Interesting pushback on “The Long Tail” theory — that the new, Internet-created economics paradigm will be selling a lot of products to smaller and smaller niches. (Read the wikipedia entry for a better explanation.)
This Wall Street Journal article points out the data don’t necessarily agree with the Long Tail theory. The author critiques the new book by Wired Magazine editor Chris Anderson, “The Long Tail: Why the Future of Business Is Selling Less of More.”
Let’s start this discussion where Mr. Anderson starts his book, with his discovery of what he calls a paradigm-changing statistic. In the introduction, he tells how he learns from Ecast, a music-streaming company, that 98% of its catalog gets played at least once a quarter — much more than most would predict.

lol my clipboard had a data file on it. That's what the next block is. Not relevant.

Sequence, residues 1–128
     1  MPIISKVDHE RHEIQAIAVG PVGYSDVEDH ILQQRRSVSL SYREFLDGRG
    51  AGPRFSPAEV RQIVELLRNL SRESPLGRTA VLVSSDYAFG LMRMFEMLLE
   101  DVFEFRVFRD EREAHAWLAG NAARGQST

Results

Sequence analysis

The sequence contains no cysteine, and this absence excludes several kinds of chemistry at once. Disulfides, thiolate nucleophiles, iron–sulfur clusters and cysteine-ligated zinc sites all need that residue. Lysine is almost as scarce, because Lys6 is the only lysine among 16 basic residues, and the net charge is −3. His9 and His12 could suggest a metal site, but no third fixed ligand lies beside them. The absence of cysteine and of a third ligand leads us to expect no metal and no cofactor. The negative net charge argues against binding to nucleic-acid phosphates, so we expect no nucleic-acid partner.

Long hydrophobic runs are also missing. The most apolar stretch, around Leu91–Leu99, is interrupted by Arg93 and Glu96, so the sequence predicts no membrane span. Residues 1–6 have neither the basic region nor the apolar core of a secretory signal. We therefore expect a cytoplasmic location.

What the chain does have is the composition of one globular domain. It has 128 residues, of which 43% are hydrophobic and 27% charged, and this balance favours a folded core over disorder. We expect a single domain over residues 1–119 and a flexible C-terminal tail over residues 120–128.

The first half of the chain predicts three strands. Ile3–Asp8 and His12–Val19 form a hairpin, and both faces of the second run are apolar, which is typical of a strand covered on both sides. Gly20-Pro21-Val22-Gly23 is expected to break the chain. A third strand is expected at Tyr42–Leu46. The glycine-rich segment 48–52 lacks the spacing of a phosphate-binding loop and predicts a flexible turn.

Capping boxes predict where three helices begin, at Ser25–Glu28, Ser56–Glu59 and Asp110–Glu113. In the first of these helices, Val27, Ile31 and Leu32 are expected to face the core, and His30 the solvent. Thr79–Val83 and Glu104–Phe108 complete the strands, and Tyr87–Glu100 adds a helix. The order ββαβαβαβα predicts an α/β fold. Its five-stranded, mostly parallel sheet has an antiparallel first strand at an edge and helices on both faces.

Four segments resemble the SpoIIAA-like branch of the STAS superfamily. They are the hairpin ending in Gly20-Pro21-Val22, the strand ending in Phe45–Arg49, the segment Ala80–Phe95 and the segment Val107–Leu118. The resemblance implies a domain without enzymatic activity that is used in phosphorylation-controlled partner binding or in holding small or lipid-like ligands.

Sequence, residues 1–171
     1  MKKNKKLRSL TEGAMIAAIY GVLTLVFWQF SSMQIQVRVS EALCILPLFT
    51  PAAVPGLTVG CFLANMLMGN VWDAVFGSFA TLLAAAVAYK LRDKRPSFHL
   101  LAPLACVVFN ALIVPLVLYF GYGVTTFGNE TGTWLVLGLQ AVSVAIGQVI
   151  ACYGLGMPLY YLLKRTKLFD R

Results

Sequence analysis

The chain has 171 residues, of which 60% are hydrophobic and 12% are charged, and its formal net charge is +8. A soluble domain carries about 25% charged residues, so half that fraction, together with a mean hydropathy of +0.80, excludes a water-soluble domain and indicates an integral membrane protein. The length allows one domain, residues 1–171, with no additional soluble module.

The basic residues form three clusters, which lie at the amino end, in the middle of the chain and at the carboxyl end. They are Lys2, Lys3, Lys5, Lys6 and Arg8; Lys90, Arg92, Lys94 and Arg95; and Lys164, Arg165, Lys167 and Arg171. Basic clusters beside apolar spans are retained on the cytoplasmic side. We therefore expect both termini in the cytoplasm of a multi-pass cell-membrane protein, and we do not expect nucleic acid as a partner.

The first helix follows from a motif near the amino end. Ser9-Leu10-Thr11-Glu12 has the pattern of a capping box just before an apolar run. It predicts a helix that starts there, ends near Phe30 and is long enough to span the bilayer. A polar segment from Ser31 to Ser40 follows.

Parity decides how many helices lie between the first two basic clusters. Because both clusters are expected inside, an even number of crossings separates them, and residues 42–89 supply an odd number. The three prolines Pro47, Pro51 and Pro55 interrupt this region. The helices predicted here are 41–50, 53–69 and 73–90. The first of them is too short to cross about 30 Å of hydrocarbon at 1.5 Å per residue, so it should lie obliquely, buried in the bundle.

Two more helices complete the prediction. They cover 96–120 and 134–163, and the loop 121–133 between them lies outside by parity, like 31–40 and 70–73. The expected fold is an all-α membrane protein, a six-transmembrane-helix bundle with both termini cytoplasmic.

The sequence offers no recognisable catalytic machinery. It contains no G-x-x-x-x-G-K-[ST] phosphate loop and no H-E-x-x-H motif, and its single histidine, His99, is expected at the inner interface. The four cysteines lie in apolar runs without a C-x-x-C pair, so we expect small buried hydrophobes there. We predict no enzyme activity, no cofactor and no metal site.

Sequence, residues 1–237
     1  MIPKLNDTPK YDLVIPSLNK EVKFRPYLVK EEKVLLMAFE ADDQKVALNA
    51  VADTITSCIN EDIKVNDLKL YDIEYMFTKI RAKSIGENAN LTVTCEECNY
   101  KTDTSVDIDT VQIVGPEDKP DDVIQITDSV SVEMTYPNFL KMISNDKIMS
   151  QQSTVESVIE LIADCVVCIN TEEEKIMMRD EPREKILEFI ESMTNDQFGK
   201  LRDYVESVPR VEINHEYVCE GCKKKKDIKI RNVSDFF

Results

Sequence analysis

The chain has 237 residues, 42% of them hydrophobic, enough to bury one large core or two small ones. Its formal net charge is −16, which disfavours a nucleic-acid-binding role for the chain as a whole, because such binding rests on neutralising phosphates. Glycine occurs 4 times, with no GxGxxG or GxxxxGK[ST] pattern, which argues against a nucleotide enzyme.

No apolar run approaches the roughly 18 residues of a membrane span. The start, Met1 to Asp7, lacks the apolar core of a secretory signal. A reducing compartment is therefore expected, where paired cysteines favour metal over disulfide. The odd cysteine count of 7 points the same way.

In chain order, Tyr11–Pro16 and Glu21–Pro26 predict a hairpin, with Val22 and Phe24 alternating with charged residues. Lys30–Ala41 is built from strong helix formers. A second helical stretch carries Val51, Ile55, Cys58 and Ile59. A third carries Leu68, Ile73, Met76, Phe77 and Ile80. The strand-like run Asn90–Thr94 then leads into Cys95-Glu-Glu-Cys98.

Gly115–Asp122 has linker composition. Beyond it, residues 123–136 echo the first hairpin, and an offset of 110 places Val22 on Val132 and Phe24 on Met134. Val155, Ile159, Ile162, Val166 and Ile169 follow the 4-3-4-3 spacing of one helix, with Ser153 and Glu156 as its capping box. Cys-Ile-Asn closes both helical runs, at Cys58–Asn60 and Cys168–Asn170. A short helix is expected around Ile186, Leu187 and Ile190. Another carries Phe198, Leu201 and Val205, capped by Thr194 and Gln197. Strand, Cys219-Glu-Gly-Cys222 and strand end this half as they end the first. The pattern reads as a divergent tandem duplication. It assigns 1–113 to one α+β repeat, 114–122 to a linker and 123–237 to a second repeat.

This “98 Percent Rule,” as Mr. Anderson names it, suggests the remarkable prospect that no matter how much inventory you put online, someone, somewhere will show up to buy it. He writes, “Everywhere I looked the story was the same. … The 98 Percent Rule turned out to be nearly universal.”
Except it’s not. Ecast told me that now, with a much bigger inventory than when Mr. Anderson spoke to them two years ago, the quarterly no-play rate has risen from 2% to 12%. March data for the 1.1 million songs of Rhapsody, another streamer, shows a 22% no-play rate; another 19% got just one or two plays.
Even in the infinite universe of the Internet, there’s a fine number of buyers for some products.